My maternal grandmother was born 109 years ago today. Hard to believe. I loved my Grandma Kreykes and was blessed to know her into my own adulthood.
Hendrikje (Henrietta) or “Hattie” Van den Bosch Kreykes, the daughter of Dutch immigrants, was born in and lived her whole life in northwest Iowa. The area was settled by Dutch immigrants in the 19th century. Those settlers included her own parents and two of her grandparents. It was, and to some extent remains, a conservative culture strongly influenced by the Reformed Church.
Grandma’s father, Gerrit Van den Bosch, came to America as a young man from Doornspijk, a village near the very old city of Elburg in the province of Gelderland. Her mother Marrigje (Mary) Van der Maaten, whose family originated from the same region of the Netherlands, arrived as a girl with her parents, Herman and Lubbigje (Lucy), and some of her siblings.
Grandma’s early years were spent on a farm with eight siblings. Her mother died at the age of 46, when my grandmother was only 16, no doubt having a profound effect on the family. Sorrow continued to follow the family for a time when the youngest child, Margaret, died only a few years later at the age of 5. Grandma’s family eventually moved into the small town of Boyden, where Grandma and her siblings took on extra responsibilities due to the loss of their mother. Grandma married my grandfather, Joe Kreykes, in Boyden in 1930.
My grandparents spent their first years as a family in Boyden, where my own mother, one of four children, was born. They would later move south to farm near Seney, then eventually into the town of Orange City, which is the county seat of Sioux County. In Orange City, they ran a hardware store on the main business street downtown. While my grandparents lived their whole lives in northwest Iowa, they were able to take vacations to places such as Colorado, New York, Texas, Utah, Canada, and even back to the Netherlands in their retirement years. They also visited us in New Mexico, a place that probably remained a bit of a puzzle to them.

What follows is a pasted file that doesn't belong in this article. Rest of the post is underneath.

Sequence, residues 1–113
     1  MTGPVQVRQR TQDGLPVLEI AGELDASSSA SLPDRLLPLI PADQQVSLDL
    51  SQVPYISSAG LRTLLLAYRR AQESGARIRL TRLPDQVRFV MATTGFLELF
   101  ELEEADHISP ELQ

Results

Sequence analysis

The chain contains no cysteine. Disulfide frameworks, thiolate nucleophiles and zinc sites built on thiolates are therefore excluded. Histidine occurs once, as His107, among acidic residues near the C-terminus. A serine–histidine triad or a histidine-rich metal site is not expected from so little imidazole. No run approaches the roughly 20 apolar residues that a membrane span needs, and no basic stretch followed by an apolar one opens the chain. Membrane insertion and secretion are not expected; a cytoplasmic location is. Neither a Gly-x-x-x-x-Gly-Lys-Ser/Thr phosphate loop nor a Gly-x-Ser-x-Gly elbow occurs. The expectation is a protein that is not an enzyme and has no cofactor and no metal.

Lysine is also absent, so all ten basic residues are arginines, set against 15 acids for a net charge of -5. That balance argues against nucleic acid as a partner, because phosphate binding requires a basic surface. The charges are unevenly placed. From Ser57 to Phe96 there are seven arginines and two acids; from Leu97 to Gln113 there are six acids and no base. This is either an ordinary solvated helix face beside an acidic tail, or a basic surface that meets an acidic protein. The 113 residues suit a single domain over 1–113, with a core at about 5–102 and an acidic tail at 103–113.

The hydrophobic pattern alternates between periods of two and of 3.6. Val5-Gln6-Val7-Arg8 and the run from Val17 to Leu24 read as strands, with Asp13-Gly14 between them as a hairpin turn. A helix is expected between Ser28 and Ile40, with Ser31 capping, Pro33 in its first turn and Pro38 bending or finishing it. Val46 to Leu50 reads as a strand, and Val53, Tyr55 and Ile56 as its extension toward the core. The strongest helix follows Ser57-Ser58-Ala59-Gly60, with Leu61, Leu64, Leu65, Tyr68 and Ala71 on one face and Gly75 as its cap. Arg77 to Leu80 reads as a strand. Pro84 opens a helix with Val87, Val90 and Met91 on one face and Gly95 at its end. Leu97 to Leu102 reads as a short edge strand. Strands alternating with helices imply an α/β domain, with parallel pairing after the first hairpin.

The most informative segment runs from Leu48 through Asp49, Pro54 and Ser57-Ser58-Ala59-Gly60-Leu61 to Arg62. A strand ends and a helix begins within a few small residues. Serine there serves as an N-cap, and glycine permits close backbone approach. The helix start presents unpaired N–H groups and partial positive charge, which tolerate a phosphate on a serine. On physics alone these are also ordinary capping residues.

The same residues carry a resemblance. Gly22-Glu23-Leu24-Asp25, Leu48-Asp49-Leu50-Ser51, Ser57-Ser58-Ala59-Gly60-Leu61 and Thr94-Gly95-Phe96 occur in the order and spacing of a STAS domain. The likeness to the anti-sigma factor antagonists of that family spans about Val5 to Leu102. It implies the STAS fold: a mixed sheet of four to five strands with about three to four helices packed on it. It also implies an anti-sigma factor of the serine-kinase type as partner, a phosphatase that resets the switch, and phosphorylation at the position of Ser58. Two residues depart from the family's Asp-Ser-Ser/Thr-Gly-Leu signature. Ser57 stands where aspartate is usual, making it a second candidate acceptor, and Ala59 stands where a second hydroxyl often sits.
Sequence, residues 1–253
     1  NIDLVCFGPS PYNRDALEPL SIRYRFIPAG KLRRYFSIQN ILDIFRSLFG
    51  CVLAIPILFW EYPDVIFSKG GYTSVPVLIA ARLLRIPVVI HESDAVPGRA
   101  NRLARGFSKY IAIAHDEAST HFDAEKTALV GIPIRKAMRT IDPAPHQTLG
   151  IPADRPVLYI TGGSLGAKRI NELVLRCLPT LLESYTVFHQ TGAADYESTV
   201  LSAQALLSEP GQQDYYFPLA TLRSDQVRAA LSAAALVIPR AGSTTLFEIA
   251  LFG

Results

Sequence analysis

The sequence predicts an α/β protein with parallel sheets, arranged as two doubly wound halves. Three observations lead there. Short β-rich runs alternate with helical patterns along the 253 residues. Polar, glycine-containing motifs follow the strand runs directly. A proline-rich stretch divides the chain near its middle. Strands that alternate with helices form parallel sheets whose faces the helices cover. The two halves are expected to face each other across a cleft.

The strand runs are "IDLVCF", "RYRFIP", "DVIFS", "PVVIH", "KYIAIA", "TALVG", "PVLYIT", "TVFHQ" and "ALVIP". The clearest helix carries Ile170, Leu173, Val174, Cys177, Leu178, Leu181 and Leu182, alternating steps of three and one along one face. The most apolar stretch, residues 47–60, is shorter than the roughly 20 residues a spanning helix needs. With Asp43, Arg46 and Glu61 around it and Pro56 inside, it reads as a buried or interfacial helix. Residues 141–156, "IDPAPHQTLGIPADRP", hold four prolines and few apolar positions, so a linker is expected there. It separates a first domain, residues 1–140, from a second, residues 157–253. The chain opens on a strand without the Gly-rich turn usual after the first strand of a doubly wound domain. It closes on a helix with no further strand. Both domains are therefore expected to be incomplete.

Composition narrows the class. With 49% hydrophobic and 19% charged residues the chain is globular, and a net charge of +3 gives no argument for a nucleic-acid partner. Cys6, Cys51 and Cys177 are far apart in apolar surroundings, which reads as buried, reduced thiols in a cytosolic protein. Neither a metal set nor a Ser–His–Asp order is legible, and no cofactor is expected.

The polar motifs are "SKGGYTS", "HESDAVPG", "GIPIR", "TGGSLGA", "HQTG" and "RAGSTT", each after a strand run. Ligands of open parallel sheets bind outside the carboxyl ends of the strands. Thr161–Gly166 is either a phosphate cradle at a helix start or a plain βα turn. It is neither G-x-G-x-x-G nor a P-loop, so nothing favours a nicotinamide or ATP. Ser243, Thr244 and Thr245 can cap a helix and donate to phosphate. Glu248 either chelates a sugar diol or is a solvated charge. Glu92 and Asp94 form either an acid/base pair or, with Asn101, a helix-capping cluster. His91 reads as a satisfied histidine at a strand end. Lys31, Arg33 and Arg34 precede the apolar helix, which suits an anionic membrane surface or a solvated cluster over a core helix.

We used to visit my grandparents in Iowa in the summertime, traveling from our home in New Mexico, and I remember spending at least one Christmas there. These are happy memories for me. I earlier wrote about our visits to Orange City, where we helped Grandma pick vegetables from her backyard garden, snapped beans for dinner, played in the neighborhood park and pool, went to church at First Reformed, where Grandpa always had a bag of peppermints on hand, visited neighbors and relatives, went for ice cream, and sometimes concluded our visits with a walk to the Dutch Mill Pharmacy for a souvenir. We also spent a little time in the hardware store, where my strongest memory is of making bows for packages on the device they kept at the front counter. I wrote about the hardware store earlier as well.
When I am working on my family history, I often think of the time that Grandma brought out some old family photos, including one of her parents. While I didn’t fully grasp their importance at the time, I remember Grandma remarking about how much they meant to her. The moment has always stayed with me, although it means even more to me now than it did then. I’ve never really forgotten one of the photos she showed us of her parents, which appears at the right.
Grandma was a quiet person who had strict standards and didn’t like me using words like “golly gee,” which I learned after casually singing a song that contained those words. She was kind and patient in correcting me.
She went through a battle with breast cancer in her later years, and eventually suffered from a form of dementia that may or may not have been Alzheimer’s. I remember that while her short-term memory had suffered, she still was able to draw up old memories that pre-dated me. She passed away in 1995, a couple years after my grandfather. I’m exceedingly grateful to have known her for as long as I did. I find that, more and more, I am realizing how much I learned from her that mattered. I love and miss you, Grandma. Rest in perfect peace.
This is the third in a series, Birthday Profiles, which includes brief descriptions of ancestors on the anniversary dates of their births. It is one good way to slow down and focus on individuals in their totality.